“Cloud heaven for your CDs”
One of the beauties of music technology is its constant progression forward. But like most other technological evolutions, certain mediums suffer from the success of its newer counterparts. The audible example of a medium in slow decline is the Compact Disc album, as MP3 sales surpassed the CD in 2008. As the pre-21st Century medium continues to fade, many are left wondering what to do with their collections of optical storage discs for which they have no use or space.
Matt Younkle, founder of Murfie.com, faced this problem head on.
“I was looking at all the CD’s I had thinking that it was kind of interesting because I didn’t have a CD player anymore,” he said. “I listened to all my music digitally, and so there was this moment of recognizing…what does it mean, not having a CD player but having all these CDs?”
Younkle’s answer to this problem was Murfie.com, a new company headquartered in Madison that markets itself as a throwback to your neighborhood record store — with a digital update.
How it Works
Users interested in sending their physical CD collections to Murfie’s Madison warehouse simply have to request a kit via the website and the company will ship you a box, return postage and packing materials.
“One way to think of Murfie is a cloud heaven for your CDs,” said Younkle. After your CDs are sent and placed in the inventory, the customer is empowered to make the right choice for them, whether it’s listening to these CDs that Murfie converts to MP3s, or selling them on the website marketplace. There, you can make profit from your CD collection by selling them to other listeners, or use the profit you make to buy different music from other sellers in the company.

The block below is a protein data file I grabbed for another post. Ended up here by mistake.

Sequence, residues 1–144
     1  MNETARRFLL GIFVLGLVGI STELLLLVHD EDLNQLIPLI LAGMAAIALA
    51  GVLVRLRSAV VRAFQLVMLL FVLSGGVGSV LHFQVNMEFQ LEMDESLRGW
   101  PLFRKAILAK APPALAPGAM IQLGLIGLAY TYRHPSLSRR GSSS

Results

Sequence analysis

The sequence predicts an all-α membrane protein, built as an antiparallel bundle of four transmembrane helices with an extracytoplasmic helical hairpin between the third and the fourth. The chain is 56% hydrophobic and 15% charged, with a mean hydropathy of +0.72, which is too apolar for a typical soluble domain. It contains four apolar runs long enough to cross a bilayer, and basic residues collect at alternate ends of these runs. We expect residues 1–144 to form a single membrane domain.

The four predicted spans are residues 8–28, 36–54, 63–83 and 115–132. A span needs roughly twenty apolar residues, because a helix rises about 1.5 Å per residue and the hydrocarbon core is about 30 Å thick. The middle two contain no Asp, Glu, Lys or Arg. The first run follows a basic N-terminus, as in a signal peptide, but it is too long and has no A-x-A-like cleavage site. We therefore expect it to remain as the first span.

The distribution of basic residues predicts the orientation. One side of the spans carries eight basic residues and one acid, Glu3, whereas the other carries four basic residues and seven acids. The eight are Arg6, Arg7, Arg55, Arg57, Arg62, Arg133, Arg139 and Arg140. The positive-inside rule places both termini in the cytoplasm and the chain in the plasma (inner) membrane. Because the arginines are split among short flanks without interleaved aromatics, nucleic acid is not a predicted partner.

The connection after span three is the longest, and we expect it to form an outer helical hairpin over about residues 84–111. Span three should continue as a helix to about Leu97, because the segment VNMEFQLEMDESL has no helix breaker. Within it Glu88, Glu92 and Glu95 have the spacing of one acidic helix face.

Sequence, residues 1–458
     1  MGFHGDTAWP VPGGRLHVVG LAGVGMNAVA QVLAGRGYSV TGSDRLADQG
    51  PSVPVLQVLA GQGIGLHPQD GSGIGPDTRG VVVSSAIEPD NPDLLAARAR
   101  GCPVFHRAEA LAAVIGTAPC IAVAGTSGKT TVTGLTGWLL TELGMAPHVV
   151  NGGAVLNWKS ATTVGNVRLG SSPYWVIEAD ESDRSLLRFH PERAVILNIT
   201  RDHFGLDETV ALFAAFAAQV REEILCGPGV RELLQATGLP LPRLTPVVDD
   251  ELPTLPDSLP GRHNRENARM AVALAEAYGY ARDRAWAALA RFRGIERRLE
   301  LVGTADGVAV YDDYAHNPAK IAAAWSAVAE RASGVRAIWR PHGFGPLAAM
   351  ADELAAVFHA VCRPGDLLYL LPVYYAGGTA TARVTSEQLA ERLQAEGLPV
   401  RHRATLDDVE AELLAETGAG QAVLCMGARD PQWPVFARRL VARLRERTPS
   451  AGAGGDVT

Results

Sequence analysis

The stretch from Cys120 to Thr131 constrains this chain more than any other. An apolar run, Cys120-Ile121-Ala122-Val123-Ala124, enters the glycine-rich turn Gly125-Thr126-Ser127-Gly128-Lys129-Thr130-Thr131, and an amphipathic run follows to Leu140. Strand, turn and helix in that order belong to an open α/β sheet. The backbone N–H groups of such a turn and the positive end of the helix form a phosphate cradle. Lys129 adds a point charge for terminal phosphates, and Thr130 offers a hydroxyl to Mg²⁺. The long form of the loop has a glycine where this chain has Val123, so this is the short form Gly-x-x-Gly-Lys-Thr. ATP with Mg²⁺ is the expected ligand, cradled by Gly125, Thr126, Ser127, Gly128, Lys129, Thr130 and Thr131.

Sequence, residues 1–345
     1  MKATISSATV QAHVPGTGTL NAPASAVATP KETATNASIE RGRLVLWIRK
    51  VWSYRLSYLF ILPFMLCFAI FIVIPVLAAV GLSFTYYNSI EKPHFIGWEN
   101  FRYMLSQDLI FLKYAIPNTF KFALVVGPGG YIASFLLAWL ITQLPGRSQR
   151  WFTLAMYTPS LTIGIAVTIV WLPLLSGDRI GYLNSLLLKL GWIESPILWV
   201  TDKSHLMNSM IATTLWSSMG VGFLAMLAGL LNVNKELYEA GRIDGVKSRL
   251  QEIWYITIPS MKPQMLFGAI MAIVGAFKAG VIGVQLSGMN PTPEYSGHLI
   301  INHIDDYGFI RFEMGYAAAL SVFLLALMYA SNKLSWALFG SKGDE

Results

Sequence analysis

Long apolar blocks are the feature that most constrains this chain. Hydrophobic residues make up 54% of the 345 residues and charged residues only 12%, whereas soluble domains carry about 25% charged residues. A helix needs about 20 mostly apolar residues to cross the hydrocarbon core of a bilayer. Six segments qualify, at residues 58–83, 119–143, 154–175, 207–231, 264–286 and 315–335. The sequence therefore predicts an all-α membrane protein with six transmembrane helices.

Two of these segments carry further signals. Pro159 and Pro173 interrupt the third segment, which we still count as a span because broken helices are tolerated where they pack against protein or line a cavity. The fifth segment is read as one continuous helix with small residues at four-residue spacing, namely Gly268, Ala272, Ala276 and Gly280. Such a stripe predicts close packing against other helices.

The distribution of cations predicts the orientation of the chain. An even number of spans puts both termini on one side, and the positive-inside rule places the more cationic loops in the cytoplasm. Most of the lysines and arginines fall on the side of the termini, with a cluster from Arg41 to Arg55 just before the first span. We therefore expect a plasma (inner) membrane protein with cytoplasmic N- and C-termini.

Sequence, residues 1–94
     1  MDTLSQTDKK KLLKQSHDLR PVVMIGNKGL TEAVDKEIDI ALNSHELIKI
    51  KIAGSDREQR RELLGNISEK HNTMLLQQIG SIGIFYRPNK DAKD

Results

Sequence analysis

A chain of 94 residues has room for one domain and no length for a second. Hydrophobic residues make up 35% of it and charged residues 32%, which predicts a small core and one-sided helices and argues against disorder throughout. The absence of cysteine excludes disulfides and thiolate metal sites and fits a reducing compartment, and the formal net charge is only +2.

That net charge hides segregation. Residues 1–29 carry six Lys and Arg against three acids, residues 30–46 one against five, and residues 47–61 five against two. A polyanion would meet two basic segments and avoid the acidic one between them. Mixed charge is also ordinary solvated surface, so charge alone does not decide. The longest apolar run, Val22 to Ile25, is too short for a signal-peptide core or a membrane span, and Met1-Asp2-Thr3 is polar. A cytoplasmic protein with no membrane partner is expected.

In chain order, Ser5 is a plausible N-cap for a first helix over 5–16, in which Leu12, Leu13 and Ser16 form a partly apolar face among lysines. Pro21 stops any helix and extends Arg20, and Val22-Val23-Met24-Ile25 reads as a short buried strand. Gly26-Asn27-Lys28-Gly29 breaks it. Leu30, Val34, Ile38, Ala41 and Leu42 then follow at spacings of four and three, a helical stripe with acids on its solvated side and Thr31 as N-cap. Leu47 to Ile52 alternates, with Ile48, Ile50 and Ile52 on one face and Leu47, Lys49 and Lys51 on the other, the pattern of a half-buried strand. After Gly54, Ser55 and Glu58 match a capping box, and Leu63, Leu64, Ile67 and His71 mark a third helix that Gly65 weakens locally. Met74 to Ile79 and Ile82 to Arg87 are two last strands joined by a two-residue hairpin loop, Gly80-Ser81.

“You turn your collection into an online account. It’s up to you to determine what you do with your music once it’s there,” Younkle explains.
As one of the first start-ups in the nation to answer the “what to do with old CDs” question, Murfie.com is a significant standout. Founded just last year, the company already has 5,000 active customers storing their CD collections and trading online. For Younkle, the business growth is welcomed and yet poses a challenge when organizing the CDs.
Younkle also notes that the dominant demographic for his company are people between the ages of 35-50, but anyone who has CDs lying around can benefit from Murfie’s services.
Younkle found prior success with the invention of the TurboTap, the world’s fastest retrofitting beer tap. He finds joy in the practical services his creations provide for people, whether it’s serving beer efficiently or providing a CD alternative service.
“The most rewarding thing for me is seeing my product in use,” says Younkle.
Murfie prides itself under three concepts: community, discovery, and ownership. It fosters a community of music lovers to share the music they want to sell, allows discovery of new music between customers, and instills ownership of users who want a place to store their old CD collections. All this allows customers to choose what the next logical step is for their music, which is a refreshing business model for the modern music industry.